Messianic Education Trust
    Yom Teruah  

Vayikra/Leviticus 23:24   In the seventh month, on the first of the month ... a remembrance of blowing, a holy convocation


Although the biblical text nowhere specifies that the shofar is to be blown on Yom Teruah, it does say that the day is to be remembered by acoustic means! The noun - from a root that is not used in its Qal form , "to make a loud noise", possibly from the cognate Arabic verb - is variously translated as "a shout" either of joy or of battle, or "a sound" of a trumpet. The verb is used in its augmented stems for meanings such as "to cry aloud", "to shout" in joy or alarm, "to sound a trumpet" especially in the context of sounding an alarm. So whether here the first day of the seventh month was originally to be remembered by shouting for joy or blowing a shofar is unclear; the halacha from Talmudic times onwards, probably based on ancient oral tradition, has been to hear the shofar blown on Yom Teruah.

The What Is ...

Pesikta de Rab Kahana: A collection of midrashic discourses for special Shabbats and festival days compiled and organised during the fifth century although reaching back to biblical times; based on the Torah and Haftarah readings for the special sabbaths and holidays; lost sometime in the 16th century, rediscovered in the 19th
Pesikta de Rab Kahana records a discourse given by Rabbi Levi, citing Rabbi Hama bar Hanina, connecting our text with "Thus says the L-RD, your Redeemer, the Holy One of Israel; 'I am the L-RD your G-d, who teaches you to profit, who leads you in the way you should go'" (Isaiah 48:17, NASB). R. Levi then uses a parable in which a prince, on trial before his father the king as judge, is advised by his father to select the best advocate available so that he may win the case. In the same way, R. Levi suggests, G-d advises Israel through the prophet Isaiah to appeal to the patriarchs - Avraham, Yitz'khak and Ya'akov - as their advocates if they wish to gain favour with Him. From our text, the phrase - in the one - designates our father Avraham, for "Avraham was one" (Ezekiel 33:24); the phrase - a remembrance of blowing - indicates Yitz'khak for the Genesis narrative records "And he looked and behold, behind him a ram caught in the thicket by his horns" (B'resheet 22:13); and the phrase - with the first word re-pointed to read 1, the one who is called holy - denotes Ya'akov in the verse "Listen to Me, Ya'akov, even Israel whom I called" (Isaiah 48:12). "When are you to cite the merits of the Fathers, so as to win your case before?" R. Levi has G-d ask; "In the seventh month".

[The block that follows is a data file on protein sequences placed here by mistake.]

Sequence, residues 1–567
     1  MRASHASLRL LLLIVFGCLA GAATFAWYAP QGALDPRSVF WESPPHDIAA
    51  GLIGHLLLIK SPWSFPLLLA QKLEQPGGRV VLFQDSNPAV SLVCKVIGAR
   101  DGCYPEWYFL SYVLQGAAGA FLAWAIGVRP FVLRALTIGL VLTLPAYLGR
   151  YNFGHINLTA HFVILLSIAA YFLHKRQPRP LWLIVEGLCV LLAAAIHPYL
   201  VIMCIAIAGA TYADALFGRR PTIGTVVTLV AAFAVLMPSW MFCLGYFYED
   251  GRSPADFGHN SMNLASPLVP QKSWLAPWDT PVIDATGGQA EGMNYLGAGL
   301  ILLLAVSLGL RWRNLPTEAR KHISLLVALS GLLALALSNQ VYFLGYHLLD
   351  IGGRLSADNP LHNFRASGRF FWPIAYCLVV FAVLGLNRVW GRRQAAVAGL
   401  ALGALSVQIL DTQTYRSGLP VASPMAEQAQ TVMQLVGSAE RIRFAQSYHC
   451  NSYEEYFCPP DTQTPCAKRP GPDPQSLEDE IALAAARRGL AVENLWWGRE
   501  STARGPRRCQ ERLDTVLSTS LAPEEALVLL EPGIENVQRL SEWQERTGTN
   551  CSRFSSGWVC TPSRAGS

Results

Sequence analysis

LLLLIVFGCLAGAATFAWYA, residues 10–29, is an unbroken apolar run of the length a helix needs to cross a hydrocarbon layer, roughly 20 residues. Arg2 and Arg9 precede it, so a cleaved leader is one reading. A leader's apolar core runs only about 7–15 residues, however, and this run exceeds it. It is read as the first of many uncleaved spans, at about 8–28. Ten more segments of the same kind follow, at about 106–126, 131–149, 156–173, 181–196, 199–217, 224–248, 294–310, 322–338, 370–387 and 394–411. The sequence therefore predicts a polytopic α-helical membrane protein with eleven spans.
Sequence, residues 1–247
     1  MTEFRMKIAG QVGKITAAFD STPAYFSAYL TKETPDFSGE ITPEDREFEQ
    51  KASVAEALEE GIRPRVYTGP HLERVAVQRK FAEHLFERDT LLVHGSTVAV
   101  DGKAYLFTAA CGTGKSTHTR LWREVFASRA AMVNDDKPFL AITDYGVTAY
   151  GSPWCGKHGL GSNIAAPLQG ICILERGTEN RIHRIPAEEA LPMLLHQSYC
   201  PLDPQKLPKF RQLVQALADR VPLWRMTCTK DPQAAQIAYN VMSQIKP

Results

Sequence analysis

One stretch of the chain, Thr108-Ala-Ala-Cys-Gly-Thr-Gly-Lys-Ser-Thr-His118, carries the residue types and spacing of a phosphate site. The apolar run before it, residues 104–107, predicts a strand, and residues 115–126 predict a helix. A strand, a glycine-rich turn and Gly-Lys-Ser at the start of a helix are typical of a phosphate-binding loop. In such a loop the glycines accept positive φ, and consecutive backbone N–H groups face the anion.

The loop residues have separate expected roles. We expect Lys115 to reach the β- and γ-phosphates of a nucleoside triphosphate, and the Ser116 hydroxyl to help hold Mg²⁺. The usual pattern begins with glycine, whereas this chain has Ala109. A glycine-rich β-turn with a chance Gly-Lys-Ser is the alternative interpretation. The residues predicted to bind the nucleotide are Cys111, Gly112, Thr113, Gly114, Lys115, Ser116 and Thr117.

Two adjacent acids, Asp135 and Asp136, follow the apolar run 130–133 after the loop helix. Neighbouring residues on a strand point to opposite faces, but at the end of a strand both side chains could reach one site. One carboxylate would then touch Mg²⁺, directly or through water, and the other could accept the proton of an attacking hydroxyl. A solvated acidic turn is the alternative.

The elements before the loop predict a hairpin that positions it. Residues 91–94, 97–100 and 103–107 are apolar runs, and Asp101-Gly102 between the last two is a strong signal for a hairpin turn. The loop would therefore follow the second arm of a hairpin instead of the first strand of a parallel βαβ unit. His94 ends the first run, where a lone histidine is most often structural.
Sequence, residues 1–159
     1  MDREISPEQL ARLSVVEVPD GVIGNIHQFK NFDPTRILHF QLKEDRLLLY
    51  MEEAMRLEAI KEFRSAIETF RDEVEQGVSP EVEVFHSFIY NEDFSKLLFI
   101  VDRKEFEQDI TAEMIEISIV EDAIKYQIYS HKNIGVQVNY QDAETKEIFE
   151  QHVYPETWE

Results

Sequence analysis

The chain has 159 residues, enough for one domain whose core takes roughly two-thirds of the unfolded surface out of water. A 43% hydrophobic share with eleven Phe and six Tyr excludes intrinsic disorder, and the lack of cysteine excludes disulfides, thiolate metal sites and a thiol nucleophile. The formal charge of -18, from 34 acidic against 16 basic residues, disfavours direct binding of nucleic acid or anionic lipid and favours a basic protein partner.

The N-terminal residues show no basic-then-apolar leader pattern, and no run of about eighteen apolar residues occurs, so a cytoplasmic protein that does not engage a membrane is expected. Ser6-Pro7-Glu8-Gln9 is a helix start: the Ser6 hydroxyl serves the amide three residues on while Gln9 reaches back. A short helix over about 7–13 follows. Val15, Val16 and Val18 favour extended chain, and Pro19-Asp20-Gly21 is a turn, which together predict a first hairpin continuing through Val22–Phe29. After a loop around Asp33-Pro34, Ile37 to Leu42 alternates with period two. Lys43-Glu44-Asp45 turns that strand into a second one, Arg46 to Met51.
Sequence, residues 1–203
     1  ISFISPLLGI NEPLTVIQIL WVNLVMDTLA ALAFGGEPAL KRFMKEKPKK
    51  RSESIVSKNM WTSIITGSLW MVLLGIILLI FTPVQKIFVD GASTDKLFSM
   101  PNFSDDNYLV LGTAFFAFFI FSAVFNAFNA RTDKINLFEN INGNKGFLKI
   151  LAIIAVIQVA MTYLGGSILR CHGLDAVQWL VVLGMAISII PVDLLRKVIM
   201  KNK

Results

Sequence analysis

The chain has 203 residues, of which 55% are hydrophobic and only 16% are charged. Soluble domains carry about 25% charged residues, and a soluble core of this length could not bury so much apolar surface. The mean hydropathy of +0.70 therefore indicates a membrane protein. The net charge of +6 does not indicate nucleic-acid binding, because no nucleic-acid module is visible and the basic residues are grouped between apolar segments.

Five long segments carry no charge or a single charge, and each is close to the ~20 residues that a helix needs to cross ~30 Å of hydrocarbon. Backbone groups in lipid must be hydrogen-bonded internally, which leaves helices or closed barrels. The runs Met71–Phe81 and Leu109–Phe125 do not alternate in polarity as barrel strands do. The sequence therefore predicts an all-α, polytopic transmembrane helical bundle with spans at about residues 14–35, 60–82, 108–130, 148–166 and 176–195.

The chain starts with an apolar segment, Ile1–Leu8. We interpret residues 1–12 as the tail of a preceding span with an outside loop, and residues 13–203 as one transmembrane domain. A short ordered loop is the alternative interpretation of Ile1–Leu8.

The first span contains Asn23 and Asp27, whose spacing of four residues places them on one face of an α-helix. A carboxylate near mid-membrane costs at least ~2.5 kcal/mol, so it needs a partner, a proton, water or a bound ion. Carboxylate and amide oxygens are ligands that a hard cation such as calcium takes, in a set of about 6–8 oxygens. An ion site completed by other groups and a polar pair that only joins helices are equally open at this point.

Our people have long sought favour before G-d by relying on the merits of the Patriarchs and Matriarchs. One example is the opening stanza of the What Is ...

The Amidah: also known as Shemoneh Esrei - the Eighteen Blessings (although there are actually nineteen stanzas), this is one of the central prayers in each of the prayer services; Amidah means "standing", so it is also known as the Standing Prayer (for which everyone in the synagogue stands) or simply "The Prayer"; it is shortened on Shabbat and the festivals to exclude stanzas of petition
Amidah:

Blessed are You, L-rd our G-d and G-d of our Fathers, G-d of Avraham, G-d of Isaac and G-d of Jacob; the great, mighty and awesome G-d, G-d Most High, who bestows acts of lovingkindness and creates all, who remembers the lovingkindness of the Fathers and will bring a redeemer to their children's children for the sake of His name, in love. ADP

This practice has support in both the Hebrew and Greek Scriptures. The prophet Jeremiah records G-d reporting the matriarch Rachel weeping for the children of Israel who are about to be carried off into the Babylonian exile: "Thus says the L-RD, 'A voice is heard in Ramah, lamentation and bitter weeping. Rachel is weeping for her children; she refuses to be comforted for her children, because they are no more'" (Jeremiah 31:15, NASB). The same verse is then quoted by the gospel writer: "A voice was heard in Ramah, weeping and great mourning, Rachel weeping for her children; and she refused to be comforted, because they were no more" (Matthew 2:18, NASB) after the slaughter of babies in the area around Bethlehem after the Magi had been warned not to reveal the location of Yeshua to king Herod. Matthew, presumably with the Holy Spirit's guidance, portrays Rachel grieving for and possibly even interceding for the babies who were killed. Many Jewish people travel to Kever Rakhel - Rachel's tomb - either on a regular basis or on pilgrimage to offer prayer to G-d in the merit of Rachel or to ask Rachel to speak for them in heaven. Although the Catholic church has adopted this custom from ancient times, using this text and others to encourage their members in asking the saints to intercede on their behalf and naming their children after "patron saints", Protestant Christian commentators seem reluctant to address this point, unless prefaced by some words to avoid taking Matthew's allusion literally. William Hendriksen, for example, comments, "Figuratively Rachel is here in Jeremiah 31:15 pictured as still being alive. She is, as it were, watching the wretched multitudes gathered in Ramah."2